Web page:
UK: Courses in English for Speakers of Other Languages are under threat.

Harold F. Schiffman haroldfs at
Thu Mar 1 14:10:03 UTC 2007

Defend these language courses

times.series at
28 February 2007

Courses in English for Speakers of Other Languages are under threat.

Here ROGER KLINE, head of equality and employment rights for the
University and College Union, examines the issues.

In areas like north London, courses in English for Speakers of Other
Languages (ESOL) are immensely valuable to many local people, to community
life and to the local economy. Across the UK many thousands of people take
these courses, including mature UK citizens in minority communities - keen
to play a fuller part in their local society. Many migrant and refugee
parents need ESOL so they can better help their children's education.
Other students include many thousands of new workers from abroad who have
entered the UK in recent years, and helped to fill the economy's skills
gaps. When somebody studies ESOL the UK benefits, all of us benefit.

So, many people are wondering why on earth in October last year it was
announced that the universal entitlement to free courses in ESOL, up to
level 2, would end. From August this year, fee remission will be available
only to people receiving means-tested benefits and tax credits. The
changes mean that many people with ESOL needs will have to pay for courses
themselves, unless employers make a contribution. Mostly, employers don't.
Courses can cost hundreds of pounds but many of the people who need them
are on the minimum wage or less.

Employers' organisations have stressed the importance of migrant workers
to the UK economy and the government has recently stressed the need for
greater 'community cohesion', encouraging differing people to understand
each other better. A recent report on the country's skills needs called
for greater attention to 'demand-led' courses, yet here are courses being
cut because demand is too high. My union, UCU, which represents college
lecturers including ESOL tutors, recently hosted a London event to launch
a campaign to defend access to free ESOL courses. It was attended by 150
people from more than 50 organisations who explained why ESOL is so

For example, many migrant workers need training in English to be aware of
their rights and to be safe at work: the drowned Chinese cockle pickers in
Morecambe Bay had phones but no English training. And we heard of a
migrant wife who saved her husband using knowledge from an ESOL course on
how to access rescue services. ESOL can save lives. The government argues
that employers, not the taxpayer, should bear the burden of the cost of
English-language training.

But this it has not required employers to do this and there are no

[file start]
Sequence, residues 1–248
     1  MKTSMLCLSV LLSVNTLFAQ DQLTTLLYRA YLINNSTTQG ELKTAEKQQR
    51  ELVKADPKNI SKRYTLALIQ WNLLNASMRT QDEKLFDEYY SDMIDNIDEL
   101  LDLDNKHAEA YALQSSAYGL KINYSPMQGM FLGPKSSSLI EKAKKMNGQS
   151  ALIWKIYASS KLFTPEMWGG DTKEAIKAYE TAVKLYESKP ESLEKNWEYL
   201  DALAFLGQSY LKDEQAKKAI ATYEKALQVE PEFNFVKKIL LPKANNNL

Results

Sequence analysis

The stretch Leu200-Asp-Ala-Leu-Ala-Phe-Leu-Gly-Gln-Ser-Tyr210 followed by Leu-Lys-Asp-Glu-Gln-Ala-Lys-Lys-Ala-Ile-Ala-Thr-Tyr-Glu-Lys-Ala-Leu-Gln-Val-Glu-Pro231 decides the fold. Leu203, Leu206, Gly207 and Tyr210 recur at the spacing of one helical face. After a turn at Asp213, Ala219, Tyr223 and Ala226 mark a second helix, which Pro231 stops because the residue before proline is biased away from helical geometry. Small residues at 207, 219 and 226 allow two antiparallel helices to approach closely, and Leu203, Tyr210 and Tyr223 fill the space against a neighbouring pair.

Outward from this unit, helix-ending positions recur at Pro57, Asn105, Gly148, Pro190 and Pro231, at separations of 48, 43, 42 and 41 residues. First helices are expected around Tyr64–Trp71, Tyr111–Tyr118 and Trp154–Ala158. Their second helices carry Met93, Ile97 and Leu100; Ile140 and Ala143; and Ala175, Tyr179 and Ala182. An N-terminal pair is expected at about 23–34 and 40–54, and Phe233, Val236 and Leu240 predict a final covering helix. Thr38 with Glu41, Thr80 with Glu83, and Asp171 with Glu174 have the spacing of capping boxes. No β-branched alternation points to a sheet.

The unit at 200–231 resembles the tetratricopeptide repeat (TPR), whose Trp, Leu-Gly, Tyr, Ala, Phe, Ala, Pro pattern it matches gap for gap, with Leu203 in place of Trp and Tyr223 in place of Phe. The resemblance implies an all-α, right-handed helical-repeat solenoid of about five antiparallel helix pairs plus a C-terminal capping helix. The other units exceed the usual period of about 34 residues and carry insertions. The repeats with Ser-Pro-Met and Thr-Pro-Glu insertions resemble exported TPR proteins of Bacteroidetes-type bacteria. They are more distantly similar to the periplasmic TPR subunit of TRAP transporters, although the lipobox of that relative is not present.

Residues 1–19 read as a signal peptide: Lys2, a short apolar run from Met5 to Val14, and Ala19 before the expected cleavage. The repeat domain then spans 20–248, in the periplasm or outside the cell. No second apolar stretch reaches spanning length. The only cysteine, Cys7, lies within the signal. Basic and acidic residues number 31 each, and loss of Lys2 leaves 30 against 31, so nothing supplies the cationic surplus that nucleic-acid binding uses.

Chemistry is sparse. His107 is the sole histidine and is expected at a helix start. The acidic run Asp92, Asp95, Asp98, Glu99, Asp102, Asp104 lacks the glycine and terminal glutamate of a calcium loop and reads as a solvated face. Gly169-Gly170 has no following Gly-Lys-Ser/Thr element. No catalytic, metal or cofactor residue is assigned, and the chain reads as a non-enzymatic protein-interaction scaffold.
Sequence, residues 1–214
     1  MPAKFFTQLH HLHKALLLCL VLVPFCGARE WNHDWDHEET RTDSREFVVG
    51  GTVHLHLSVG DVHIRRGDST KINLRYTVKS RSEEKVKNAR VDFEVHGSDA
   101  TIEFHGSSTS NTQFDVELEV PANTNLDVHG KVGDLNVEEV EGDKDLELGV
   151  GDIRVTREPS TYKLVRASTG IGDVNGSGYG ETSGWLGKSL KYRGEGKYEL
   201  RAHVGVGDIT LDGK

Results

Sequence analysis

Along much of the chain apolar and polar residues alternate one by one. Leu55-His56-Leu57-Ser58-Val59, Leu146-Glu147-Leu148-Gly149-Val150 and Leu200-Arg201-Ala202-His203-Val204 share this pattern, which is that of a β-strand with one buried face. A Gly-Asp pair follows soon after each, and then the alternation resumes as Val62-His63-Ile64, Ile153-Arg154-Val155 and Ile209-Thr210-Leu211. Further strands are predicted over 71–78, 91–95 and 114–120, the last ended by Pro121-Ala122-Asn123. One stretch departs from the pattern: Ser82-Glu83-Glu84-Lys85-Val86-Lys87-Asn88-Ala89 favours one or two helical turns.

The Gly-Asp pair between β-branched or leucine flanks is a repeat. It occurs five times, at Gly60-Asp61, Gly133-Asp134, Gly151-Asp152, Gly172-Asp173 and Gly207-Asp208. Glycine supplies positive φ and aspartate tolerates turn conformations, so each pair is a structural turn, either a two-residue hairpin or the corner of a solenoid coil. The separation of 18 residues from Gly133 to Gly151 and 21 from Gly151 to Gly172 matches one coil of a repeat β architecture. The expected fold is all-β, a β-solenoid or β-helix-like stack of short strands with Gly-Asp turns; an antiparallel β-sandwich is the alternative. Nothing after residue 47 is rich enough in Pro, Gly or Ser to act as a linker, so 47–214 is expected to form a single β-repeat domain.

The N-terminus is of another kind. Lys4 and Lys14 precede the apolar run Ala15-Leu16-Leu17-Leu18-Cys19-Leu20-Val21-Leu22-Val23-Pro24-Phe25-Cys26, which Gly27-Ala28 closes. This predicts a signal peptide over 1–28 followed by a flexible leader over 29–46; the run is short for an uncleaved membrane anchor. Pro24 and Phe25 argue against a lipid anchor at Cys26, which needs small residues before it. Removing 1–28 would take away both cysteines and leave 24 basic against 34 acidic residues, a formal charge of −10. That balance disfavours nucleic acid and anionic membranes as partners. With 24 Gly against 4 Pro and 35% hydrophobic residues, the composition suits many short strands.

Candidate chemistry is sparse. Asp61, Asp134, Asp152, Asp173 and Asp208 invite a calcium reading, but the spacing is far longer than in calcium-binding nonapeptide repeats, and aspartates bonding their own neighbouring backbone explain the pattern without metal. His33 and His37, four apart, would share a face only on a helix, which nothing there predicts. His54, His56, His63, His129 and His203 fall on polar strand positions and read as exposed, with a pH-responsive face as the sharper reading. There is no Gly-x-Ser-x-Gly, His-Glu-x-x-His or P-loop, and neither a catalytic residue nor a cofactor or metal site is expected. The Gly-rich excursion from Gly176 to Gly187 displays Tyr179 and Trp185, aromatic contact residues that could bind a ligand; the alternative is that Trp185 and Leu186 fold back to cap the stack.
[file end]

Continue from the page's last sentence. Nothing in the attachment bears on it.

sanctions against employers who refuse to do so. A major source of UK
economic growth has been migrant workers. This has been secured on the
cheap because their schooling has been provided by the supplying
countries. The sums required for ESOL are tiny in comparison. Learning
English not only opens the door to employment. As the TUC points out,
English skills directly contribute to preventing accidents at work.

ESOL enables migrant children to discuss their homework with parents. It
helps migrants navigate their way through a complex society. Vulnerable
asylum seekers need swift help with English, not delays until lengthy
appeals are resolved. The only justification given by the government is
financial but we can all point to less useful public expenditure - on the
Iraq war and Trident nuclear missiles for example. The government claims
free ESOL will still be available for people receiving means-tested or
income-related benefits.

In reality, very few people with ESOL needs access these benefits, even if
they are eligible. For example, only 3 per cent of workers from the new EU
states receive tax credits, although around 80 per cent are earning
between 4.50 and 5.99 an hour. The government has rejected ideas for
providing simple evidence of low pay and tax benefit entitlement, such as
showing wage slips. Instead a 20-page form must be completed - in English.
But most people who speak and read English fluently would struggle with
the form, that's why 50 per cent of UK citizens eligible for tax credits
don't claim them! The policy is a shambles and 135 MPs have called for a
review of it.

Being able to speak the language in order to apply for work and express
views about the working environment is a pretty basic human right. That is
just one of the reasons why UCU, along with others, will continue
campaigning. An unusually broad range of organisations, from the Refugee
Council to the Children's Society, from the National Institute of Adult
Continuing Education to the TUC, are determined to change this policy. UCU
is also campaigning to reverse spending cuts in adult education courses,
which benefit thousands of retired people and other citizens, many
returning to learning for the first time for years.

For young or old, newly arrived or existing worker, pensioner or asylum
seeker, investment in education is investment in our communities and our
future. Those wishing to support the 'Save ESOL' campaign can sign up at


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